Foxe's Book of Martyrs and Early Modern Print Culture | National Humanities Center

Work of the Fellows: Monographs

Foxe’s Book of Martyrs and Early Modern Print Culture

By John N. King (NHC Fellow, 1997–98)

Book History; Reading; Christianity; History of Christianity; Cultural History; Early Modern Period; Foxe's Book of Martyrs; John Foxe

Cambridge, UK: Cambridge University Press, 2006

From the publisher’s description:

This book was first published in 2006. Second only to the Bible and Book of Common Prayer, John Foxe's Acts and Monuments, known as the Book of Martyrs, was the most influential book published in England during the sixteenth and seventeenth centuries. The most complex and best-illustrated English book of its time, it recounted in detail the experiences of hundreds of people who were burned alive for their religious beliefs. John N. King offers the most comprehensive investigation yet of the compilation, printing, publication, illustration, and reception of the Book of Martyrs. He charts its reception across different editions by learned and unlearned, sympathetic and antagonistic readers. The many illustrations included here introduce readers to the visual features of early printed books and general printing practices both in England and continental Europe, and enhance this important contribution to early modern literary studies, cultural and religious history, and the history of the Book.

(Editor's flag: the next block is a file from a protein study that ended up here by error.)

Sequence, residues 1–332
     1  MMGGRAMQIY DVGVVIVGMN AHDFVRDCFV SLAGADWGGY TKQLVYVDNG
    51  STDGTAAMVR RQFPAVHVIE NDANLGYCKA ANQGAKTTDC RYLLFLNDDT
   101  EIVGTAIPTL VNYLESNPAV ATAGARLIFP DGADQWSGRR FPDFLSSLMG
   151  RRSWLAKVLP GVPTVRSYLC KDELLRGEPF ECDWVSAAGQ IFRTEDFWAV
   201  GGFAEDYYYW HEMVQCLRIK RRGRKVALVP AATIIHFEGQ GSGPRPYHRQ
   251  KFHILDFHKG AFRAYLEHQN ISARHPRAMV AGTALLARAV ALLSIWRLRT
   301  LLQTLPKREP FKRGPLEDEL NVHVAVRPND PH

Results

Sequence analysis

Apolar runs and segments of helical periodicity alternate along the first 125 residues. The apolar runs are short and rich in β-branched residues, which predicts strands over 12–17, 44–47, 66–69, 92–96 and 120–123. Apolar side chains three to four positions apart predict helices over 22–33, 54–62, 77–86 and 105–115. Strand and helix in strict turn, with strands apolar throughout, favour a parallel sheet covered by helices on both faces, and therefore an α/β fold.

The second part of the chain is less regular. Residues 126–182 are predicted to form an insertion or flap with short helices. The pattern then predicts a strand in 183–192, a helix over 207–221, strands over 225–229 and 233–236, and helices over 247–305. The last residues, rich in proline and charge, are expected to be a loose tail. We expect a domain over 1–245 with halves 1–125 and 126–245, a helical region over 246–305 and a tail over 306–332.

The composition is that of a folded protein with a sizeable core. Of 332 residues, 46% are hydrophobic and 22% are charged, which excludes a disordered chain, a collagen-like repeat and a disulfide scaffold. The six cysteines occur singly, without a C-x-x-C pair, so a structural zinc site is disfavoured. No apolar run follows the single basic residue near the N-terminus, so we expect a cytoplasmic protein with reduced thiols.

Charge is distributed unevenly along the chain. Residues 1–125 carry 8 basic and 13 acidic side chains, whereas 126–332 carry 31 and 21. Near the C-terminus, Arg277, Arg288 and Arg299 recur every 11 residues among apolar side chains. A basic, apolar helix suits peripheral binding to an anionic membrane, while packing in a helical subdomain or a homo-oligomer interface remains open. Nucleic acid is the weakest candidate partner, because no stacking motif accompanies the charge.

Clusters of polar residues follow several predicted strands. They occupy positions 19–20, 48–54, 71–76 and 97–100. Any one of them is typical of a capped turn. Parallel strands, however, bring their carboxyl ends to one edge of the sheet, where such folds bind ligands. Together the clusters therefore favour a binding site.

Literature / History / Book History / Reading / Christianity / History of Christianity / Cultural History / Early Modern Period / Foxe's Book of Martyrs / John Foxe /

King, John N. (NHC Fellow, 1997–98). Foxe's Book of Martyrs and Early Modern Print Culture. Cambridge, UK: Cambridge University Press, 2006.